New study argues third runway needed to secure jobs and growth
A new study is arguing that constraints on capacity at Heathrow would result in up to 5.8m fewer visitors to the UK from long-haul destinations annually by 2021 and put 140,000 jobs in the UK at risk.
The report by Oxford Economics aims to reopen the debate on the third runway and is supported by business leaders and union bosses. Unite and GMB unions have combined with the Institute of Directors (IoD) to claim it is "plain daft" not to consider expanding Heathrow and some 140,000 jobs are at risk without action to increase the UK's aviation capacity. They dismiss the alternative of a new hub in the Thames Estuary which they say will take 25 years by which time tourism, exports and foreign investment would be hit.
Simon Walker, IoD director-general, said: "It's not enough for Government to be telling the world that the UK is open for business. The lamentable failure to increase airport capacity means that jobs are already being lost to our competitors overseas. Without immediate support for our hub airport and a swift decision on new capacity, job losses will only increase."
Mick Rix, national officer of the GMB, said: “It is plain daft to exclude the option of expanding Heathrow. Last autumn the Government said it was looking at another airport hub in the South of England, but not at Heathrow. GMB consider that this is profoundly wrong and call on all political parties to keep every option on the table, including the issue of the third runway at Heathrow.”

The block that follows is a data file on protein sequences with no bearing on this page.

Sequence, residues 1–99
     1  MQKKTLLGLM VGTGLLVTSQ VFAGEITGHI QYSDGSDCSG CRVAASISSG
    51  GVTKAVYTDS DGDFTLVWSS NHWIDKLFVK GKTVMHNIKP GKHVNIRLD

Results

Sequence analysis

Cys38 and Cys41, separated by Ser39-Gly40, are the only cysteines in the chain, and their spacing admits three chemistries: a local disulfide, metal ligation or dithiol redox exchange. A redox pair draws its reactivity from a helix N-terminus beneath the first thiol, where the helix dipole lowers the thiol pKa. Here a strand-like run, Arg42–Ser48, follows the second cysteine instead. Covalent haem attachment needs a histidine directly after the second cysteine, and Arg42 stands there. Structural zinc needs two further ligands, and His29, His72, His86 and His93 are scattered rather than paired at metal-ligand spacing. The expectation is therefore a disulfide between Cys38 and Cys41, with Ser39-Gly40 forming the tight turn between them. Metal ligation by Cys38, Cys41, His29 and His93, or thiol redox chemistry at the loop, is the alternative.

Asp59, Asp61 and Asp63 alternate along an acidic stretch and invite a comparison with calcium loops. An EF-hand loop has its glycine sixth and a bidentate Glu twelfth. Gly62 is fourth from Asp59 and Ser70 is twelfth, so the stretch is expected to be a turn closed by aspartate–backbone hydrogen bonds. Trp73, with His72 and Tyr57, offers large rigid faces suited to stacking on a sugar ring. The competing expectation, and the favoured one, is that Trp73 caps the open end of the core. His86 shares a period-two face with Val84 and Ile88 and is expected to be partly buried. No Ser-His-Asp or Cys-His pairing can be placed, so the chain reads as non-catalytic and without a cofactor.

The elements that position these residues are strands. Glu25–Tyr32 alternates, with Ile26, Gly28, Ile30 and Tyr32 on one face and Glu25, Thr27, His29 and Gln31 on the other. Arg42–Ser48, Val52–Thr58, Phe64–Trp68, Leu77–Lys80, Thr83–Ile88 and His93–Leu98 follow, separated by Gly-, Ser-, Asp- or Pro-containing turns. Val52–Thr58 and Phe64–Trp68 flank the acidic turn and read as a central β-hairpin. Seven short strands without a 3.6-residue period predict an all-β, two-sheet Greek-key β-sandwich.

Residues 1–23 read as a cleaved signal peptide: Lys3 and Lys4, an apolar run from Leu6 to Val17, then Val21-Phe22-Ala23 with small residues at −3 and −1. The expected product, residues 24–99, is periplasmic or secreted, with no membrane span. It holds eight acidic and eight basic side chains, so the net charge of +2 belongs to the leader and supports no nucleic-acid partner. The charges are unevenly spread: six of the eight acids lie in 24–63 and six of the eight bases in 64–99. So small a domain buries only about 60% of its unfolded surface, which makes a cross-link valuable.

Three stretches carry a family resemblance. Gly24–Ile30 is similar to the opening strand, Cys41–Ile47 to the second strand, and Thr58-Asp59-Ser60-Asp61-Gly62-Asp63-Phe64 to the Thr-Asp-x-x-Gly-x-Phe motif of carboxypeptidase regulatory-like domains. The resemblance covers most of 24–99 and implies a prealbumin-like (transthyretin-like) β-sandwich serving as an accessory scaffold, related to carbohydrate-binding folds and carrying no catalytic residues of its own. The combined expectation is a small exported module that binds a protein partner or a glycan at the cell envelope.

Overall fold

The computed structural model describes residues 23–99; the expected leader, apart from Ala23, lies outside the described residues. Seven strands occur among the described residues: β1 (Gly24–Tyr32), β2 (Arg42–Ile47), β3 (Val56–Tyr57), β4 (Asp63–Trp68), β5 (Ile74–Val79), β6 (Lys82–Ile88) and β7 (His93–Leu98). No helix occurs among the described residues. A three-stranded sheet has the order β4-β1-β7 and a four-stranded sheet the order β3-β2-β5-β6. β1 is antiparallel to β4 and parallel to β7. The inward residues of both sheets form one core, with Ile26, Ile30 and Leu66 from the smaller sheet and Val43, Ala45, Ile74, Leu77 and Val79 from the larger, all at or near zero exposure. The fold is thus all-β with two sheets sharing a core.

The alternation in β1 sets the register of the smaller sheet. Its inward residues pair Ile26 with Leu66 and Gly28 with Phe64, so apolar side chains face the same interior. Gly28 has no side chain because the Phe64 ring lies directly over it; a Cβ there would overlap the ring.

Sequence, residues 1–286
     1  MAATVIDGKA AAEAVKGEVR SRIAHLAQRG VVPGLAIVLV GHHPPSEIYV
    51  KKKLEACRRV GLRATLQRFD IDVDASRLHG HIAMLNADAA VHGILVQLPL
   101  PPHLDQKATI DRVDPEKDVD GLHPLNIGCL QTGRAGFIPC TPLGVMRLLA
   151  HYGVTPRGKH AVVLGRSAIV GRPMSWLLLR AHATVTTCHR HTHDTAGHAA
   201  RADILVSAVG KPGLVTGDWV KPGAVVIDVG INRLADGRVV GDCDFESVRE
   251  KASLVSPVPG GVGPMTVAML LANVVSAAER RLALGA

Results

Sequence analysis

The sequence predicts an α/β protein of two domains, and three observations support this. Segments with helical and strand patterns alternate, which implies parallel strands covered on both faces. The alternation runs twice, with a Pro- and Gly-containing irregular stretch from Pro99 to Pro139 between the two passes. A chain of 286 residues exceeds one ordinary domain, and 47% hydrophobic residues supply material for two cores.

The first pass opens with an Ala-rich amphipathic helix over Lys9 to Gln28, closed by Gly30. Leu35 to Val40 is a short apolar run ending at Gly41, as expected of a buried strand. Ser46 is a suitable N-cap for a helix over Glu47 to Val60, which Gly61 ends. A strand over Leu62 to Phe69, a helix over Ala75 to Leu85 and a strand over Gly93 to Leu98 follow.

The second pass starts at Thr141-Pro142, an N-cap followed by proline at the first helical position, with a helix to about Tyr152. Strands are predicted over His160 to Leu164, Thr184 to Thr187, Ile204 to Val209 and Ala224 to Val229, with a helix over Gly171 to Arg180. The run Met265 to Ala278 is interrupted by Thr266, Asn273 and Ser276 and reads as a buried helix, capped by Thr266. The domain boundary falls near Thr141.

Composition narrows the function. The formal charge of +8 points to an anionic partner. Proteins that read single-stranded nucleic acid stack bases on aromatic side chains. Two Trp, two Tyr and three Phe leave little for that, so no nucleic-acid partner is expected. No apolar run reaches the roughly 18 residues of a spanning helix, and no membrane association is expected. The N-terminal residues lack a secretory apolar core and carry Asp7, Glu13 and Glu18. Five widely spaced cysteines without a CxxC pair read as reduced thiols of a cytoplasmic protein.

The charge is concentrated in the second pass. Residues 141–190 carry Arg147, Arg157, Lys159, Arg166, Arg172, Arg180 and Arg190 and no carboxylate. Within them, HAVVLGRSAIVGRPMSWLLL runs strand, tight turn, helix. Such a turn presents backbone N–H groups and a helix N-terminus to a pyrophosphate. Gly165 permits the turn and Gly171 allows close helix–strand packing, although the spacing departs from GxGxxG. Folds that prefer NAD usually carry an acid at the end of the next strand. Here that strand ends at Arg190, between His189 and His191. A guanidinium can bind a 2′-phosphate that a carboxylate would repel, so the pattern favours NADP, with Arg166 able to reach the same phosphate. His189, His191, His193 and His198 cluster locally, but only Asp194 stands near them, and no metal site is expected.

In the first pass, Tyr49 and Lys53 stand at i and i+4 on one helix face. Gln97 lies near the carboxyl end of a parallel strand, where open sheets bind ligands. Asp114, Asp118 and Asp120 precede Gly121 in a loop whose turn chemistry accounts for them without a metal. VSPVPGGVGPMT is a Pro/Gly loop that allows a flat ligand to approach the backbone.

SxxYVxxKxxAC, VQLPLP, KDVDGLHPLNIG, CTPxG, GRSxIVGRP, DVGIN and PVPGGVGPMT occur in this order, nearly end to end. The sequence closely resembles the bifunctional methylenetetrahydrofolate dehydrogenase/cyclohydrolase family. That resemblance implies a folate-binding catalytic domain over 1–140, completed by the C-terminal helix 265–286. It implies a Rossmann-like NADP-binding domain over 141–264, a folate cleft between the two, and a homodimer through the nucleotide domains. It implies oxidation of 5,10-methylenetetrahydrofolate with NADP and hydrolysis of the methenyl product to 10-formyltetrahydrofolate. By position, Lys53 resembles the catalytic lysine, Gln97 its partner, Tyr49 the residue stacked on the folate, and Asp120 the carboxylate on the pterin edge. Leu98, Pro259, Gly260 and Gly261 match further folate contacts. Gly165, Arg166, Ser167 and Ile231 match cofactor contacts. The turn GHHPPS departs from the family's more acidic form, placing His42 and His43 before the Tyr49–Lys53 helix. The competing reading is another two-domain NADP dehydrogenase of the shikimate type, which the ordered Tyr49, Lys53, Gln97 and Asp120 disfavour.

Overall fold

At the same time some 70 British business leaders and groups representing hundreds of others have written an open letter to Britain's government demanding the debate about building a third runway at London's Heathrow airport be re-opened.
The letter, published in the Sunday Telegraph newspaper, is signed by large corporations such as Microsoft Corp and Telefonica O2, and aims to make the government to re-think its aviation policy.
Campaign group HACAN, which represents residents under the Heathrow flight path, has dismissed the attempt to re-open the Heathrow debate as “fighting yesterday’s battles with the day before’s arguments.”
HACAN Chair John Stewart said: “The argument has been settled. There is no compelling economic case for a third runway at Heathrow. BAA will not accept that the current Government rejected both the environmental and economic case for Heathrow expansion. It’s a sign of its desperation that it has wheeled out Oxford Economics to do the report. These were the consultants who provided the economic basis for the now discredited 2003 Air Transport White Paper.”
Oxford Economics is based in Oxford but not connected with the University.
The Prime Minister said of the third runway in a speech to business leaders in 2008: “There are now increasing grounds to believe that the economic case is flawed, even without addressing the serious environmental concerns.”
All major parties have currently ruled out expansion at Heathrow.
March 7, 2012